GUEST BLOG BY DIANE MEDVED
So I was just talking to my family in Seattle as Shabbat ended here in Honolulu, catching up on the day when suddenly, I heard the familiar screech of the tsunami sirens, blasting out in the warm night. I was home alone, my friends and hosts out at a movie I deemed too tense for my taste.
I didn't know about any earthquake, but of course during Shabbat I'm off the news-loop, so my first thought was it was some kind of test or malfunction of the siren system. But no--the blaring, ear-piercing scream persisted.
I turned on local TV and was shocked to hear urgent warnings about an expected wall of water, and as I write this, the first wave blast is due in less than an hour. as I type, I hear warnings on the radio: turn off your computers. Turn off the lights and get out. The lines at gas stations are now long, as scared residents all seek to top off their tanks; supermarkets are busy with purchases of emergency supplies. On the radio: take your prescription medicines; take 5-7 days' food, including pet food, battery powered flashlights, eyeglasses, important papers in waterproof containers. Refuge centers are opening. Mike Buck, a local radio host I happen to know, is urging listeners to help neighbors out of their homes. Anyone lower than 4 floors in a beach-area hotel has to move upward.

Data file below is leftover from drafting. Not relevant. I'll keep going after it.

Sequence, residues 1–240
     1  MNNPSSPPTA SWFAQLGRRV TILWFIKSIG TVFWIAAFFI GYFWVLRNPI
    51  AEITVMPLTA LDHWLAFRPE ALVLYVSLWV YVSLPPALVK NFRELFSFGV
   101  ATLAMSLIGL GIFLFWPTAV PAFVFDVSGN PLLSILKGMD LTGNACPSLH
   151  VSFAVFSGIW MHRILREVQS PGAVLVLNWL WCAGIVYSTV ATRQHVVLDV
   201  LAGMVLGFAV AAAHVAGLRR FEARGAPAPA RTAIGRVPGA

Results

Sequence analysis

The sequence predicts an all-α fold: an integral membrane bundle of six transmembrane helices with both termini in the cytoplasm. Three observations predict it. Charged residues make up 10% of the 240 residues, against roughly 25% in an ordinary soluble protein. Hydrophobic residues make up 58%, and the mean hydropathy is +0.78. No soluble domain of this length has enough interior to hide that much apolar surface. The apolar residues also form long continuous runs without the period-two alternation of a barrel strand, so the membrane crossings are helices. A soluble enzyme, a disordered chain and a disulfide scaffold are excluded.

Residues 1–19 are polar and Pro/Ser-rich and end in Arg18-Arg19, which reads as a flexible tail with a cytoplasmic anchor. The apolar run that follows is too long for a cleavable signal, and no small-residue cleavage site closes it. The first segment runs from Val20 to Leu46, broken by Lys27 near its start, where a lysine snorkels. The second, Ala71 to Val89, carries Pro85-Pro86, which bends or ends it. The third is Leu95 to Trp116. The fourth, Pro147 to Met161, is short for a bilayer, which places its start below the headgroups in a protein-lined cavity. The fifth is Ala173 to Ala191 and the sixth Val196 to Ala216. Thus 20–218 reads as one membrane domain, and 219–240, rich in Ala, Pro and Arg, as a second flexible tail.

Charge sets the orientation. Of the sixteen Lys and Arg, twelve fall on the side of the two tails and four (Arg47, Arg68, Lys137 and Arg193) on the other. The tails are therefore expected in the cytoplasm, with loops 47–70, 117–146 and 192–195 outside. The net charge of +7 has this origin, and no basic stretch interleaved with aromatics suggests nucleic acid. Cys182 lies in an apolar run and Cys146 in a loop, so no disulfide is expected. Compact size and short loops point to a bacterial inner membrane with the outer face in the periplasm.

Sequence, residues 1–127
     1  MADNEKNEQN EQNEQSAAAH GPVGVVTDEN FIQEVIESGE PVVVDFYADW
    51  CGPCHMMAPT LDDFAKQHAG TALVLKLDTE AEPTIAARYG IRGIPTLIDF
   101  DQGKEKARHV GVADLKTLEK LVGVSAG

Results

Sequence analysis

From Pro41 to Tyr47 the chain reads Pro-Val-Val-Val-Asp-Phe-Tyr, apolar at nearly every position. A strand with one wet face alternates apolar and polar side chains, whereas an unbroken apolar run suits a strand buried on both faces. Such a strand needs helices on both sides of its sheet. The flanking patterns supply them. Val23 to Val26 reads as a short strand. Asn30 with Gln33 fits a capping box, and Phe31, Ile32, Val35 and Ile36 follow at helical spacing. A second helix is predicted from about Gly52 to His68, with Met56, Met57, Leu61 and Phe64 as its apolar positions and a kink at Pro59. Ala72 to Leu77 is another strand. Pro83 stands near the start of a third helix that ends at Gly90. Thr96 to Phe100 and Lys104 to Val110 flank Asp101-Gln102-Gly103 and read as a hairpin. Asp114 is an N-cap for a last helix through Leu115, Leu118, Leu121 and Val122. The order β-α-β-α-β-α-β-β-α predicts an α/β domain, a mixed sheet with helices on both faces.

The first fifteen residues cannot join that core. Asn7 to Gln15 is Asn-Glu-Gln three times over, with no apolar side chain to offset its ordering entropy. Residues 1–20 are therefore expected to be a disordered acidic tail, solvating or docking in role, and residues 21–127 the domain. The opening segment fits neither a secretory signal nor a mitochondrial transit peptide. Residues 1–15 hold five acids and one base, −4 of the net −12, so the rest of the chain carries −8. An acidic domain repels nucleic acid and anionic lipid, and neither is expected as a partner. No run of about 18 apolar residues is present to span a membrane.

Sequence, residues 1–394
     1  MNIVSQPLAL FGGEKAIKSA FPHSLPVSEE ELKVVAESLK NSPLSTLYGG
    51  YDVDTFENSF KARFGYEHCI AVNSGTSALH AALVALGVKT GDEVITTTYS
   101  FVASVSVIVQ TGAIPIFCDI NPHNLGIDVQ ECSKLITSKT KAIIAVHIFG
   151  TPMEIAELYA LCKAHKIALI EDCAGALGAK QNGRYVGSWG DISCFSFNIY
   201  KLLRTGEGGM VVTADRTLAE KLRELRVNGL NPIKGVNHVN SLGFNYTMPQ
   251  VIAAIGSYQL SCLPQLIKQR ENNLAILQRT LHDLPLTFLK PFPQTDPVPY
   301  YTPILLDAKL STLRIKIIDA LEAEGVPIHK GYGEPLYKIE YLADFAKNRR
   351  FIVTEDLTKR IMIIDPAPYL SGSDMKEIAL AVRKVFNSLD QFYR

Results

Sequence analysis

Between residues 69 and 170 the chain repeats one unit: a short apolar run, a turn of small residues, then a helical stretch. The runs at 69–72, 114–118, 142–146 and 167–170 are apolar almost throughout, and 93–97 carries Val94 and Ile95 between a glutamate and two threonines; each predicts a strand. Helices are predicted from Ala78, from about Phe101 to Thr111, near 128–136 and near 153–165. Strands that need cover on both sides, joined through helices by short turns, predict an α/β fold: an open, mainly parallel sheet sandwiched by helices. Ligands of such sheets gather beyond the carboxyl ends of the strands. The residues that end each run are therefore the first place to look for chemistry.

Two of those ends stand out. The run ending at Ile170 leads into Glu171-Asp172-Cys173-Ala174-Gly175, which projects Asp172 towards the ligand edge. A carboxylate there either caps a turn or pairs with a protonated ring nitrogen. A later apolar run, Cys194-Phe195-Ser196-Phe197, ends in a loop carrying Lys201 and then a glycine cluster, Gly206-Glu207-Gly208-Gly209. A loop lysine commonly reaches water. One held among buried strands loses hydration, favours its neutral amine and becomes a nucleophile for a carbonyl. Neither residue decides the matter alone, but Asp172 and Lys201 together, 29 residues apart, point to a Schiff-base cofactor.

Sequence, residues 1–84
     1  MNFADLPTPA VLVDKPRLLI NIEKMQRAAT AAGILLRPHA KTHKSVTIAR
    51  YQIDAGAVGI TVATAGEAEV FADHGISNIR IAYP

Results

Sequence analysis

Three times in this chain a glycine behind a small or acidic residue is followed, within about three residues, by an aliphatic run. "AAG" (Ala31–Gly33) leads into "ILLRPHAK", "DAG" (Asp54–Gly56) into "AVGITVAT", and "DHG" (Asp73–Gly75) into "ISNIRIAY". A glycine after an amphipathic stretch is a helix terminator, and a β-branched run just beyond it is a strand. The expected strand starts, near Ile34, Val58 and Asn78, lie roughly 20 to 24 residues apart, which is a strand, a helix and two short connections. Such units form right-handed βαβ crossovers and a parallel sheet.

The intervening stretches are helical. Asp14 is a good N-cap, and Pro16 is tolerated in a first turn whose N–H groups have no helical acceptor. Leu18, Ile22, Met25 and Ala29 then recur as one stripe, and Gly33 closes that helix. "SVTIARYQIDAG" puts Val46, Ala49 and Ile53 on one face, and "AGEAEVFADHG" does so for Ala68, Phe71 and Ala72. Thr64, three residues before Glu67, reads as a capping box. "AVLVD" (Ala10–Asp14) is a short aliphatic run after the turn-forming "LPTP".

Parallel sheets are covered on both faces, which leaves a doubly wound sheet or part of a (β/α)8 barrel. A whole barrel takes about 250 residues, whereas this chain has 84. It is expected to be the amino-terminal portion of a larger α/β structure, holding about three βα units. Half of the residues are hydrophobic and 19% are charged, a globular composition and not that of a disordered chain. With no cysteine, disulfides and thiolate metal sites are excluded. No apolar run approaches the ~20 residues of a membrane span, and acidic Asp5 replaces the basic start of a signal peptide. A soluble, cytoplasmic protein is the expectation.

|Results in Hawaii of the March, 2011 tsunami|
Traffic in my area is jammed; reports two blocks away say it's moving at 3 mph. I packed my suitcase, but everyone here is just not worked up, having done this before in March of 2011 after the Japan quake--I was visiting at the time, joining my friends in filling the car and driving up the hill to the home of a neighbor.
There we watched on TV when the waves came in--cameras at various beach-points showed the whole process, the surf withdrawing especially far, a frightening pause, and then the tsunami surges rolling in, one long, deep wave after the other. A tsunami can last for hours; it's not the TV terror of a huge, hungry surf-type wave that devours all in its path in one gulp.
Probably the most suspenseful part is now, the last minutes before the expected impact. Tsunamis don't hit a single side of the islands--instead, they wrap around and hit all the shores, meaning the uncertainty affects all. So, rather than keep typing (and using the battery on my laptop), I suppose it would be prudent to leave now... with prayers (and expectations) that this tsunami, too, will be great for story-telling but minimal in its result.
Note: Diane's prayers were answered - the fearsome tsumani did only very minor damage in Hawaii.
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